The following is part of Now Loading, a series that renders verdicts on whether or not your favorite video games deserve a place in the canon of works that have contributed to video-game storytelling in landmark ways. Read the series’ full mission statement here.

From the Desk of Daniel Hughes
Letters and Memoirs Volume XIII
RE: Chain of Memories

When you’re an eleven-year-old about to embark on an eight-hour bus ride to space camp, few things are more important to you than buying a new Game Boy Advance game for the trip. You have never been on an eight-hour bus ride before, although you can imagine that sitting in a sweaty coach with twenty other eleven-year-olds whom you may or may not hate being around (you haven’t decided) and who may or may not hate you (you’re pretty sure based on circumstantial evidence) could necessitate a new game that can occupy your attention while heading down to Huntsville, Alabama.

You bike down to Game Crazy, the video game store adjunct to the now defunct Hollywood Video, walk in past the PlayStation 2 and Xbox titles over to the Nintendo area where the GBA cartridges are lined up underneath the glass counter like cuts of beef at a butcher’s. You scan the line of games, dismissing Mario titles and a bunch of puzzle games. You briefly consider Yu-Gi-Oh: The Sacred Cards, but you think better of it. It’s going to be a long bus ride, you think, and you want something with more of a story that you can get lost in while making the long journey down south to space camp. Besides, playing a game with cards might get repetitive after a little while, and you don’t want to bore yourself and be stuck with nothing but watching the October Sky marathon that will no doubt play for the entire trip.

Finally, after rejecting Final Fantasy Tactics Advance and looking past Sword of Mana, your eyes land on Kingdom Hearts: Chain of Memories. Your heart starts pounding, because you had no idea that there was going to be another Kingdom Hearts game, and to find it so suddenly at this Game Crazy before this long trip was exactly what you needed. You ask the clerk to take the game out of the case, and can’t hand over your thirty dollars fast enough. As the kid behind the counter hands you a receipt and places the game you didn’t know you were waiting for into a black Game Crazy bag, he looks at you and says, “Did you play the first one?”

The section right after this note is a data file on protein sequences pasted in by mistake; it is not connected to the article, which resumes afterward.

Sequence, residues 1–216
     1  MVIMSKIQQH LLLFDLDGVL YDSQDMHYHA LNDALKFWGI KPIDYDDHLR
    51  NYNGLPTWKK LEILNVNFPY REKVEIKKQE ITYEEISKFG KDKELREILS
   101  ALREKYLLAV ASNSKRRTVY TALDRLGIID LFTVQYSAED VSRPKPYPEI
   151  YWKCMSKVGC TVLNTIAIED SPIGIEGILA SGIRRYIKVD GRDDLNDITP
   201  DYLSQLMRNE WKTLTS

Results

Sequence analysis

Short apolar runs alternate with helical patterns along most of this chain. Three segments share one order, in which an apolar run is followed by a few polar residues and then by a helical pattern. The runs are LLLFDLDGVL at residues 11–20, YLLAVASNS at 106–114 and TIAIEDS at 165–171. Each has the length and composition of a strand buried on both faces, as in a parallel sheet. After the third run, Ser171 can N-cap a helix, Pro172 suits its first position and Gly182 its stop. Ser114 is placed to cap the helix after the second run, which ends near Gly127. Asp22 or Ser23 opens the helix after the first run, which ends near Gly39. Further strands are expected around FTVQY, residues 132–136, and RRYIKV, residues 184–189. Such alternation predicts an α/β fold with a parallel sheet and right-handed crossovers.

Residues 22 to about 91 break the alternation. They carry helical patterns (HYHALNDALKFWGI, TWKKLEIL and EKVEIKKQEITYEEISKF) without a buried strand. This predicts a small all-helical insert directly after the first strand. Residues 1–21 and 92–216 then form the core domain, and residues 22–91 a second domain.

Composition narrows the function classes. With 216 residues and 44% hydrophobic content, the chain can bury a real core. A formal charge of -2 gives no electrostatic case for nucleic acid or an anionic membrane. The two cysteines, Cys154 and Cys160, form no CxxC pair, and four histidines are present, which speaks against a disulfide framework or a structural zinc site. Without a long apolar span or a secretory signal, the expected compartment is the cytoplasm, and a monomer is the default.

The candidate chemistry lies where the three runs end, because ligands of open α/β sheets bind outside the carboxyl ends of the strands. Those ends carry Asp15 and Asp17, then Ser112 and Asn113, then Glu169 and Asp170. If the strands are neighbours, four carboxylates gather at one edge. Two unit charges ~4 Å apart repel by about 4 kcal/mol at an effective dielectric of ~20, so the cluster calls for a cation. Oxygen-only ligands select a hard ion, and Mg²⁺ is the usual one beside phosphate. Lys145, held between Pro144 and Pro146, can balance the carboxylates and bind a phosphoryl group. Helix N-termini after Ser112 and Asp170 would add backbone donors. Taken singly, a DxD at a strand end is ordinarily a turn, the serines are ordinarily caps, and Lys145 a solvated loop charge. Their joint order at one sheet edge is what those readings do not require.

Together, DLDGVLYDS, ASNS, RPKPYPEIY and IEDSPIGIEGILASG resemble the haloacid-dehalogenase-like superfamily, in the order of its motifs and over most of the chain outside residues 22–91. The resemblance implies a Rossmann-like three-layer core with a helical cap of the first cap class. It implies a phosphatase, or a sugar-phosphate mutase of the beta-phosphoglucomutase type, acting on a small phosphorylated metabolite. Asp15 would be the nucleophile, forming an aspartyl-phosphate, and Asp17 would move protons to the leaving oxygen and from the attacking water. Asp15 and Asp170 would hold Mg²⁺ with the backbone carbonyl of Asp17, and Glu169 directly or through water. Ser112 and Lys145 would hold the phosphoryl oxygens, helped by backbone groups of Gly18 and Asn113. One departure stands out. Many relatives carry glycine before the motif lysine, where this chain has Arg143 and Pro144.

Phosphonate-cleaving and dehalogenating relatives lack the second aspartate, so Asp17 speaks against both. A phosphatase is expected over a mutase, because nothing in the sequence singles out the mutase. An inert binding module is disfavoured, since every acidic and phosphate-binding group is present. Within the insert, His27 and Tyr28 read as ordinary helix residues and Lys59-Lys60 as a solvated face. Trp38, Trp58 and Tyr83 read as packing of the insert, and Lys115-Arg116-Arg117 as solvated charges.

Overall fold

Having spent more time playing the first one than you did doing homework in all of elementary school, you feverishly nod your head, now looking forward to the bus trip so that you can sink your teeth into this new chapter in the Kingdom Hearts story. The clerk chuckles to himself in that way that a sixteen-year-old does when he’s about to mad dunk on an eleven-year-old, hands you the bag, and says, “Have fun playing it again.”

His sarcasm is not lost on you as you walk out of the store, a little disheartened at the prospect that this game that you didn’t know existed a few minutes ago may disappoint you. But what you don’t realize as you’re biking back home is that the game you just bought would not only grip you like the first game did, but it may even entice you more, cementing that this game series will be a part of your life for the foreseeable future. What you don’t realize is that you are about to experience a story that would stick with you for years to come and change the way that you view how stories can be told. You are about to heed that clerk’s snarky words and play that game again and again and again. You are about to rethink how you perceive memory and how fickle it can be. You are about to embark on a journey that is so much larger than the last, and you don’t even know how far it will go. There is so much to learn, and you understand so little.

But you’re about to play Kingdom Hearts: Chain of Memories, and that’s a damn good start.

Kingdom Hearts: Chain of Memories is a direct sequel to Kingdom Hearts, released in late 2004 for the Game Boy Advance. Tetsuya Nomura, madman that he is, knew that Kingdom Hearts II would be coming out shortly after the first game had massive success both in Japan and North America, and so he wanted to release a game that acted as an intermediary between the first game and the second game. Not only would it pick up right where the first game left off with Sora and company looking for their friends, but it would also set up the entire framework for the next fifteen years of sequels beyond Kingdom Hearts II.

The game was released on the Game Boy Advance to nearly immediate success, and it reviewed relatively well. As the prescient and pimply clerk from my story alluded, people’s main issues with Chain of Memories came from the fact that it was a rehash of the story from the first game: while it offered some new story beats, many people didn’t feel like these were enough to warrant this weird quasi-sequel to the first game.

While I will admit that its story does seem to drag at first and its card-based combat leaves a lot to be desired, Kingdom Hearts: Chain of Memories is perhaps the most important game for understanding the entire Kingdom Hearts franchise. Not only does this game pave the way for the myriad sequels that follow it, but it also establishes what is perhaps the most absolutely central running theme in the entire series: No matter how you may perceive events, there is always another side, another story.

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Story and Characters: I Feel Like We’ve Been Here Before…